Nigerian Banks, EFCC and Place of CBN in Corruption Investigations

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Tuesday, May 10, 2016 10.32 PM / Opinion 

The developments over the last two weeks have seen the financial crimes enforcement agency – EFCC visit, invite, arrest, detain and interrogate a number of banking executives over issues for which it has NOT issued a formal statement. 

The very vibrant media has thus filled the void and quoted “sources” for news headlines that got the attention of the Central Bank of Nigeria who issued a statement last night confirming that indeed there was an on-going investigation into specific transactions for which the regulatory body and monetary policy decision making was part of and involved in. 

This was an extra-ordinary statement giving its implications and severity. It had an immediate impact as the Nigerian Stock Exchange released today two statements from Access Bank Plc and Sterling Bank Plc whose managing directors were visited by the EFCC and taken to their offices for further questioning. 

In the release, both institutions denied any wrong doing or association with the widely believed ‘allegations’ reported in various channels and platforms. 

Indeed, the nation is in such a mood and at a stage where anything, quite frankly, is believable about the banks and bankers whom the narrative has defined as the facilitators of wholesome looting of the common wealth of the nation. That is plausible given the revelations in the public space about both the wealth of political office holders, public officials and bankers. 

It is instructive to note that the information and allegations in the public space has not been denied by the central bank of Nigeria, the federal government and indeed the enforcement agencies . 

This development, weighed against confirmed instances of looting that could not have been done outside the banks/banking system has placed a serious searchlight on the banks and their principals who appear convicted in the eyes of the public. 

The fact that the stock market does not reflect this sentiments is lost in the noise and the market’s correlation quotient with the economy. 

Below is the status of the publicly available information on developments thus far.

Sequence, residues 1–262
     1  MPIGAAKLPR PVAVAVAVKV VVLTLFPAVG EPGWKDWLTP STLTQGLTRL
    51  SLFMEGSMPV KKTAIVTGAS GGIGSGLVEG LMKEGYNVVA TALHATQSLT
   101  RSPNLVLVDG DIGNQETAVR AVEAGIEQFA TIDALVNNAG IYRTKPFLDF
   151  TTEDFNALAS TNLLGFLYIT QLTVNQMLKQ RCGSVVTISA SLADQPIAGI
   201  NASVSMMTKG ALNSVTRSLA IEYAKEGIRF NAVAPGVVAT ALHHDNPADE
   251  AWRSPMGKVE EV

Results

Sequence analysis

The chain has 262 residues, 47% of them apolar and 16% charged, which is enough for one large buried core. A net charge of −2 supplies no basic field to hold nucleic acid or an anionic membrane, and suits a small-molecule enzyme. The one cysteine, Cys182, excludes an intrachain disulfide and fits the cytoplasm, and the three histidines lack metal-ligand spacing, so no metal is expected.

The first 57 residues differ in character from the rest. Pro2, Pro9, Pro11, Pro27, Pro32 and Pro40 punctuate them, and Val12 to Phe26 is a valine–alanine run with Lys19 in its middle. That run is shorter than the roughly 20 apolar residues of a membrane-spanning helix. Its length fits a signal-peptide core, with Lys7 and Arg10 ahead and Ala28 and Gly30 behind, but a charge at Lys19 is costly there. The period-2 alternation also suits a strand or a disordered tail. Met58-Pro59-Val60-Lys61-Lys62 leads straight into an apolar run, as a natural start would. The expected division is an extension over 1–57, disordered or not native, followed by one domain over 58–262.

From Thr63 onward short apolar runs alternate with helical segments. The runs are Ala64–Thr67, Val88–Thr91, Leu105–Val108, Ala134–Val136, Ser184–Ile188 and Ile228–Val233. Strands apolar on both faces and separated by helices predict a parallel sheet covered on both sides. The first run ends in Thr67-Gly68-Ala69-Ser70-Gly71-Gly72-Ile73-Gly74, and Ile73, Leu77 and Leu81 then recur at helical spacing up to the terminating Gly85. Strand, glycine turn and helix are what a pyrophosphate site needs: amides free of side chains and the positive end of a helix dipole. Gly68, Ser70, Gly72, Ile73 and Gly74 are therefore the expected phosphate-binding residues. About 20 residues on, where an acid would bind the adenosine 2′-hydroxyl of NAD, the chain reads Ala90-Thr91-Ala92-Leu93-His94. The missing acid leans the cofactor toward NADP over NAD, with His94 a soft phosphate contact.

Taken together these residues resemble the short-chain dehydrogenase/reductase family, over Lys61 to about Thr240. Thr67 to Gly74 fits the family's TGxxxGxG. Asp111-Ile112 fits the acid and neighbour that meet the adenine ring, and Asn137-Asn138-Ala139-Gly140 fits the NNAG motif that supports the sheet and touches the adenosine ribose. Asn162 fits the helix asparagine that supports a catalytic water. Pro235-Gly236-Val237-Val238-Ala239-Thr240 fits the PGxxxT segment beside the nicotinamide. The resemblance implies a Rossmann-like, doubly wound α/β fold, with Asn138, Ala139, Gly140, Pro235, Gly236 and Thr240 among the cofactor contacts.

Word on the street is that more banks are involved in the on-going investigations which a source at CBN confirms includes three tier 1 banks and 4 other Tier 2 banks. 

The developing scenario is one that leads us to expect more ‘headline stories’ in the coming days which may be sensational but should fizzle out ultimately given the nature, quality and less than best practice approach to dealing with investigations related to financial institutions. 

That the banks are complicit in the looting of public funds is not a subject of debate by any remotely informed about the workings of Nigerian banks. But proving the case will require much more than sensationalism and opportunism. 

More damning however is the self-indictment the central bank of Nigeria (CBN) has to accept, endure and assimilate from its role in the USD cash disbursements to the ONSA, the use of its foreign exchange market as a channel and vehicle for money sharing, looting and laundering; and its supervision/examination lapses that facilitated the conditions for such wholesome breakdown in financial systems administration and control. 

As more news come forth, we expect that much more attention will also be placed on regulatory reforms as well as proper investigations to balance the acknowledged balancing act required. 

We welcome this focus on banks and expect same will be extended to the taxation records of individuals of interest and indeed the bank executives. 

 

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